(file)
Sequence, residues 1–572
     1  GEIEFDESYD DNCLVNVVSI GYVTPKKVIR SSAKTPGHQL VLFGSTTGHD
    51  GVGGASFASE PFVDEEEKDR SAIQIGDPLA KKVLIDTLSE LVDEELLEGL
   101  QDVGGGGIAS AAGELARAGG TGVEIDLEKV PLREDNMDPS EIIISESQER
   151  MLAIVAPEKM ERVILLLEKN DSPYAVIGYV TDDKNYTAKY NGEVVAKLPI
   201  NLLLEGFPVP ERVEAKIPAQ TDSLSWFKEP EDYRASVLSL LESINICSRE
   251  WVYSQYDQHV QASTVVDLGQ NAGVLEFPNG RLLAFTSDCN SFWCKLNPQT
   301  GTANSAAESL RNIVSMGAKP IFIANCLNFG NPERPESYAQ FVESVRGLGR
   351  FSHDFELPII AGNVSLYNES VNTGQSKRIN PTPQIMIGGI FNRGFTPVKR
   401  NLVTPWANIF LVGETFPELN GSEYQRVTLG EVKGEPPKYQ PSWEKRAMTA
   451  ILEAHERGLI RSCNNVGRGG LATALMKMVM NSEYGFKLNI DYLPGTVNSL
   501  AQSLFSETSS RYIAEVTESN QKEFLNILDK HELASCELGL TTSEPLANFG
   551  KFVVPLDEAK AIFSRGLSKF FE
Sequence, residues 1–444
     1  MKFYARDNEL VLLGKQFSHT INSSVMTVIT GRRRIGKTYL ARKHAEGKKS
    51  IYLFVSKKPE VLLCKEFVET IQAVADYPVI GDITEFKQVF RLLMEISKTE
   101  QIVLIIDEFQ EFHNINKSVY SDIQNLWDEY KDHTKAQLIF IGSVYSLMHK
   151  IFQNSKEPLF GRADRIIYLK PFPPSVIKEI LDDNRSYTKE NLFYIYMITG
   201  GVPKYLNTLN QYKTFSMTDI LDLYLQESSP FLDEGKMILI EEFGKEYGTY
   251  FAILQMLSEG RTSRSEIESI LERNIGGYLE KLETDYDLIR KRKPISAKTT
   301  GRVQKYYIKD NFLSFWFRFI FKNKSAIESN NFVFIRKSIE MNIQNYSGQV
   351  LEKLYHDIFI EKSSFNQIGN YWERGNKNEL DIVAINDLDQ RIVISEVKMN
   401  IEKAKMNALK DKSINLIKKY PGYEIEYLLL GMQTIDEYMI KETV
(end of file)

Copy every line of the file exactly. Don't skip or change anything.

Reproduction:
Sequence, residues 1–572
     1  GEIEFDESYD DNCLVNVVSI GYVTPKKVIR SSAKTPGHQL VLFGSTTGHD
    51  GVGGASFASE PFVDEEEKDR SAIQIGDPLA KKVLIDTLSE LVDEELLEGL
   101  QDVGGGGIAS AAGELARAGG TGVEIDLEKV PLREDNMDPS EIIISESQER
   151  MLAIVAPEKM ERVILLLEKN DSPYAVIGYV TDDKNYTAKY NGEVVAKLPI
   201  NLLLEGFPVP ERVEAKIPAQ TDSLSWFKEP EDYRASVLSL LESINICSRE
   251  WVYSQYDQHV QASTVVDLGQ NAGVLEFPNG RLLAFTSDCN SFWCKLNPQT
   301  GTANSAAESL RNIVSMGAKP IFIANCLNFG NPERPESYAQ FVESVRGLGR
   351  FSHDFELPII AGNVSLYNES VNTGQSKRIN PTPQIMIGGI FNRGFTPVKR
   401  NLVTPWANIF LVGETFPELN GSEYQRVTLG EVKGEPPKYQ PSWEKRAMTA
   451  ILEAHERGLI RSCNNVGRGG LATALMKMVM NSEYGFKLNI DYLPGTVNSL
   501  AQSLFSETSS RYIAEVTESN QKEFLNILDK HELASCELGL TTSEPLANFG
   551  KFVVPLDEAK AIFSRGLSKF FE
Sequence, residues 1–444
     1  MKFYARDNEL VLLGKQFSHT INSSVMTVIT GRRRIGKTYL ARKHAEGKKS
    51  IYLFVSKKPE VLLCKEFVET IQAVADYPVI GDITEFKQVF RLLMEISKTE
   101  QIVLIIDEFQ EFHNINKSVY SDIQNLWDEY KDHTKAQLIF IGSVYSLMHK
   151  IFQNSKEPLF GRADRIIYLK PFPPSVIKEI LDDNRSYTKE NLFYIYMITG
   201  GVPKYLNTLN QYKTFSMTDI LDLYLQESSP FLDEGKMILI EEFGKEYGTY
   251  FAILQMLSEG RTSRSEIESI LERNIGGYLE KLETDYDLIR KRKPISAKTT
   301  GRVQKYYIKD NFLSFWFRFI FKNKSAIESN NFVFIRKSIE MNIQNYSGQV
   351  LEKLYHDIFI EKSSFNQIGN YWERGNKNEL DIVAINDLDQ RIVISEVKMN
   401  IEKAKMNALK DKSINLIKKY PGYEIEYLLL GMQTIDEYMI KETV